This article was written by a guest writer, Instrutor* Coruja, from UPDATE! Capoeira Floraçao.
*Not a typo; it comes from the Portuguese word for "instructor"
What is capoeira?
I feel like to start off this blog there should be something about what exactly capoeira is. Is it a dance? Is it a martial art? Is it Brazilian? Is it African? Do people ever actually hit each other? Is everyone that does it a hippy? To answer those questions... Yes, yes, yes, yes, yes, no...
Capoeira is a lot of different things. For everyone that does capoeira you will get a different explanation for what it is to that individual. A lot of times people will gravitate toward a particular aspect of capoeira that is attractive to them. Some people like to practice the music, some people are into the acrobatics, some people like to fight, and the beautiful thing is that not a single one of those people is wrong to say Capoeira is a dance or a fight or a creative dialogue.
*Note: any time someone is talking about the "origins" of capoeira they are speculating. No one knows the exact origin of this art because it is a mixture of cultures even at its roots.
(The following paragraph is an extremely abridged example of one possible version of origin. The only reason I am putting this paragraph in is because I want the reader to have, at least, a superficial understanding of the situation that was going on during its development.)
One origin theory is that capoeira was developed from a dance called “N’golo.” N’golo was an acrobatic (zebra) dance done by young males. The best dancer was able to chose his bride from the village without paying the brides marriage fees. A theory for the origin of the word Capoeira comes from the indigenous peoples word ka puêra, meaning "secondary growth, the grassy scrubland that sprang up after virgin forest had been cleared for planting." The reason it is believed that this word is where Capoeira comes from is because in these clearings is where slaves were able to retreat to in order practice their martial art in secret.
As for Capoeiras development into current times there are two individuals who need to be recognized, Mestre Pastinha and Mestre Bimba. Mestre Pastinha is the father of capoeira Angola and Mestre Bimba is the father of capoeira regional. The two styles of capoeira are distinctly different in both appearance and how the practitioners of each style train ( if you YouTube "capoeira Angola" and YouTube "capoeira regional" and you will see the difference). Although the two styles are very different capoeiristas from either style are able to play with one another. Mestre Bimba, the creator of what people recognize as capoeira regional, wanted capoeira to evolve from the former style of capoeira. He wanted it to be recognized as a sport and martial art and be practiced by everyone. After years of struggling with local government he was allowed to open the first legal capoeira academy in Bahia.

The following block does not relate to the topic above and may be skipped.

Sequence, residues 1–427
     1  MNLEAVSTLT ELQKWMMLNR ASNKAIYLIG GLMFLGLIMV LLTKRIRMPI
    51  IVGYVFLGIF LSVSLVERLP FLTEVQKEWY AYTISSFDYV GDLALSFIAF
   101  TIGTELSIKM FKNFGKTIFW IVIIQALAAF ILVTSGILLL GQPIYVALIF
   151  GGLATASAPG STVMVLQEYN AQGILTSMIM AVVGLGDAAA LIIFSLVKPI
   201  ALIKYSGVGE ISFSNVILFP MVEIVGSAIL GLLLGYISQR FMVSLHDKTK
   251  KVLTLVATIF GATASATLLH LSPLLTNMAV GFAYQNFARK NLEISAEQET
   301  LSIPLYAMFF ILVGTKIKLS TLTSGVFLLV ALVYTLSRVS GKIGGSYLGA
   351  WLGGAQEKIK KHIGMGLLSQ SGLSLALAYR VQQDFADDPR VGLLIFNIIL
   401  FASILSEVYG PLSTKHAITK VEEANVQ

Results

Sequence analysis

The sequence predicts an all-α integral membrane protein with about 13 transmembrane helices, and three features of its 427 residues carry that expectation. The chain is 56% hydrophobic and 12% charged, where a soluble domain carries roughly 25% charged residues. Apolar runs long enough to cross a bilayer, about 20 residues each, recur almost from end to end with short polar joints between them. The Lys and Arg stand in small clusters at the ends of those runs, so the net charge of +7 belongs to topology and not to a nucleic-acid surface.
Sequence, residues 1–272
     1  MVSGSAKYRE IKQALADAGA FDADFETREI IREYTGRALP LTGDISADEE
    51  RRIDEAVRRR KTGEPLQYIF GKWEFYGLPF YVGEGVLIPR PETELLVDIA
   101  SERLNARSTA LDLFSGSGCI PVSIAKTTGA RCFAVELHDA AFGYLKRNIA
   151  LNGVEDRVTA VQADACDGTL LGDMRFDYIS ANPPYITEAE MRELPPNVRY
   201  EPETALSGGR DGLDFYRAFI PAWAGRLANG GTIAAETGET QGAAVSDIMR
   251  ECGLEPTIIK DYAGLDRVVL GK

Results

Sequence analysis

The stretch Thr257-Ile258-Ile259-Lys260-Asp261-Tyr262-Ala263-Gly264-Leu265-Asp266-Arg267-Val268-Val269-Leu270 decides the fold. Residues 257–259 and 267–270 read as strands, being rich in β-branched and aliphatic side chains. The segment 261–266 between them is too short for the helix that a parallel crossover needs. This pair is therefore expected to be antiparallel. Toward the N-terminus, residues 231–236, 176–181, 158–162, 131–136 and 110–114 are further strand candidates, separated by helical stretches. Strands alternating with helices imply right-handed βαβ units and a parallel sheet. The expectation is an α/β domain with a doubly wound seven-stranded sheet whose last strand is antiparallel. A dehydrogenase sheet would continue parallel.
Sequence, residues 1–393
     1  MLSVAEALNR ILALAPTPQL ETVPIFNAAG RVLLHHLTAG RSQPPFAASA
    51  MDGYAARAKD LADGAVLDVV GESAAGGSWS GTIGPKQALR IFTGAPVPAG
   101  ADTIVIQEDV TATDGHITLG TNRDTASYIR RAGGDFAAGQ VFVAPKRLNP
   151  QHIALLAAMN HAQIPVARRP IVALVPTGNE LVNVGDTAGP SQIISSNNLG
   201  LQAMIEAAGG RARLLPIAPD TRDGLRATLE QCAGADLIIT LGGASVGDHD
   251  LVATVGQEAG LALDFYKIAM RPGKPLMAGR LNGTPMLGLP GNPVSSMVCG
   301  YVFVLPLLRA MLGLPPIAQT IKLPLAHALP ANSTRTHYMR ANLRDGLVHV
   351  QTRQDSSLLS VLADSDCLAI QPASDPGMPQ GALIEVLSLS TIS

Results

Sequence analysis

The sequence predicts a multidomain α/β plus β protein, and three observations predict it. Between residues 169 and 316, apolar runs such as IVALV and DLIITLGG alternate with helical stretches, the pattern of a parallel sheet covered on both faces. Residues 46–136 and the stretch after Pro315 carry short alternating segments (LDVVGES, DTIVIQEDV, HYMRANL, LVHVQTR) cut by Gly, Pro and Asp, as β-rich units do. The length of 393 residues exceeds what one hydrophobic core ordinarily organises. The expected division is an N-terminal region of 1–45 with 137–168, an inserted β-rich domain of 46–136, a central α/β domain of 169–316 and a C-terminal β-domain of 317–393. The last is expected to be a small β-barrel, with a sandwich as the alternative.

Interesting fact!!! The atabaque was not included in Mestre Bimba’s bateria. The reason for this is because the atabaque was a drum used in Candomble, a religion that was brought over during the slave trade and practiced primarily by the lower class. Mestre Bimba purposely kept the drum out in order to distance capoeira from candomble because of the negative public opinion of the religion.
If you look at videos of people doing capoeira from when Mestre Bimba was alive to now, you will see a huge difference. As time has gone on the acrobatics have gotten bigger, the kicks, punches, and grappling movements have all become sharper. But at the same time the music has also developed. The songs tell the stories of Mestre Bimba and Mestre Pastinha. They also tell about other Mestres that have come and gone since then. The dance aspect of capoeira has also developed over time. In every group there is a different way to teach people how to dance capoeira, and in every group every individual will develop their own unique way to express themselves when they dance capoeira.
One of my favorite things about capoeira is this: the disguise was never taken away. To this day people still look at Capoeira and say “is that really a martial art?” In fact, the disguise became an integral part of capoeira. That's why you can't just say "I do capoeira, Therefore I do a martial art." When you "do capoeira" you are learning about and representing a culture, you are learning a language, you are learning how to dance, sing, and play instruments, you are learning how to do acrobatics, and, in addition, you are learning a martial art.
This is my personal opinion, but I believe that the disguise became the art and made it better by evolving into what it is: an art that is constantly evolving through the people and groups that practice it.
So what is capoeira? Capoeira is an ever changing, always evolving, art form that embodies a culture. Capoeira is a dance, Capoeira is a fight, Capoeira is a means to remember that there is always something to improve upon, and that you should always be trying to better yourself and others around you.
Resources and good reads:
- Mestre Preguicas book: "the art of survival"